For many years surgeons have attempted to reduce the size of the airway in patients with atrophic rhinitis. Several different operations have been devised. Some surgeons, for example, have widened the nasal septum by implanting foreign substances or autogenous cartilage or bone. Others have moved the entire lateral wall of the nose inward. Most of these procedures have been abandoned because the results were not satisfactory or because the operation itself was too severe.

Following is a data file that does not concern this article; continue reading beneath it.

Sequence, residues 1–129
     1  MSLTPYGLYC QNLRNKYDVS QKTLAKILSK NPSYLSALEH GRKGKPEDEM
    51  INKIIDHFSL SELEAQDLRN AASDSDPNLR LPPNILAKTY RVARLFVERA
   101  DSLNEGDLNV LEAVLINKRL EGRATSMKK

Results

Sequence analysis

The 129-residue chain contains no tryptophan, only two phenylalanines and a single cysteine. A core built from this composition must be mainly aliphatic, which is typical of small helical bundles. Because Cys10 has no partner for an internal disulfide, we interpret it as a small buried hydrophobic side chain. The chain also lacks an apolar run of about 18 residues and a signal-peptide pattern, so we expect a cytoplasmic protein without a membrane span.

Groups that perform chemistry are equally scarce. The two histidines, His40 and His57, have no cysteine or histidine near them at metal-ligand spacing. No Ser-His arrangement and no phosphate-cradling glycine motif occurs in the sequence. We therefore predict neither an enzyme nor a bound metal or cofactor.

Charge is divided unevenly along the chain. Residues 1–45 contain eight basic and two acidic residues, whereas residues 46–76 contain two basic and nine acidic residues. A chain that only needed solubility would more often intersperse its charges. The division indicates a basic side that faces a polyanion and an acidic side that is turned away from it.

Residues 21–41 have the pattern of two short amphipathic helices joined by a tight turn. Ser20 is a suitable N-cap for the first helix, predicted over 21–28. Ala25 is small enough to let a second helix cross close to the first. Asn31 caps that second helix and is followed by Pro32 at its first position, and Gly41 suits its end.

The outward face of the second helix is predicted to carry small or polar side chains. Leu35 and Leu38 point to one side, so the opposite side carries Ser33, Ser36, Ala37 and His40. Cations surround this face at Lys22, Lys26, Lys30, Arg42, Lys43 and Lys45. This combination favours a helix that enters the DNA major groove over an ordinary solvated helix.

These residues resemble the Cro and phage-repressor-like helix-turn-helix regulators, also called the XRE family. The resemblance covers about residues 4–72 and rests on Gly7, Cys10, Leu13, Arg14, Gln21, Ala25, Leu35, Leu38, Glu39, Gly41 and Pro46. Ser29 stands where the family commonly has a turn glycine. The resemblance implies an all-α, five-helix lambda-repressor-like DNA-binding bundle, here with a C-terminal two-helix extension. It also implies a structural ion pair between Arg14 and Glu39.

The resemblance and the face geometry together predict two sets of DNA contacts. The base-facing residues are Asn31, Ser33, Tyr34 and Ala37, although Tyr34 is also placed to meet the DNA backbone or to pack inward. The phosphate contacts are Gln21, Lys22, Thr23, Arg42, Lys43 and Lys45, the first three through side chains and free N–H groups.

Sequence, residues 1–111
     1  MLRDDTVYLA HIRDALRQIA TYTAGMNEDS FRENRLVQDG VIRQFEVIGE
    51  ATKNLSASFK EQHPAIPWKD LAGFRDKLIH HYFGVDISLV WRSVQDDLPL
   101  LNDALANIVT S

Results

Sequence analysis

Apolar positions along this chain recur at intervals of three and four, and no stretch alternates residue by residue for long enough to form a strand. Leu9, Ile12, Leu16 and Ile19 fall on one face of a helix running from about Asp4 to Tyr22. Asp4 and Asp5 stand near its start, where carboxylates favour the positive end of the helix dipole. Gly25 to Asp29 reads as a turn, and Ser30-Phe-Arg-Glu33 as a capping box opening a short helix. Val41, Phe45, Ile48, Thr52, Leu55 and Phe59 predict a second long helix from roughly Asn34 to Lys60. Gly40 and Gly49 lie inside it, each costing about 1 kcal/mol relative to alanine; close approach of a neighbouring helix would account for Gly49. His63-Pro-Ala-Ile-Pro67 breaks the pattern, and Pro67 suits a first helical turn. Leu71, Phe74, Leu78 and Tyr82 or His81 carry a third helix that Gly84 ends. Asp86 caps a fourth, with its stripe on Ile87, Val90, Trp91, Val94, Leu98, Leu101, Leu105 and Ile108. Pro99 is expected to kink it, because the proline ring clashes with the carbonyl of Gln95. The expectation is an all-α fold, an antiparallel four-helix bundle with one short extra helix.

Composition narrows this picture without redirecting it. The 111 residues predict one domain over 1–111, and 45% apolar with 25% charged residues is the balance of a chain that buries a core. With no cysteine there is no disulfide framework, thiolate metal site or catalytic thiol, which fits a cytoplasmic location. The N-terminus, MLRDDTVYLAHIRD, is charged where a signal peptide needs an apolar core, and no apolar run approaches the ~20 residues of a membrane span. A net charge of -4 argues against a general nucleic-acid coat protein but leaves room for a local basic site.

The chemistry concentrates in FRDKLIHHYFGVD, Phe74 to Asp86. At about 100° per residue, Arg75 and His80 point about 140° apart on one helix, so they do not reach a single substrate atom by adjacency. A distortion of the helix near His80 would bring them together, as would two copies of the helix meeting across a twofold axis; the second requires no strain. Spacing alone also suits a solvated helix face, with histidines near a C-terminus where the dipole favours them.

I have adopted the technique for narrowing the airway in which chips of iliac bone are placed in a subperiosteal pocket in the lateral wall of the nose. This method has been used by others and has been described before, but to my knowledge follow-up studies beyond the immediate postoperative period have not been reported.
Eight patients who had atrophic rhinitis and were treated surgically have been reexamined three years after their operations.
The findings are
SAUNDERS WH. Atrophic Rhinitis: Results of Surgical Treatment. AMA Arch Otolaryngol. 1958;68(3):342–345. doi:10.1001/archotol.1958.00730020354008
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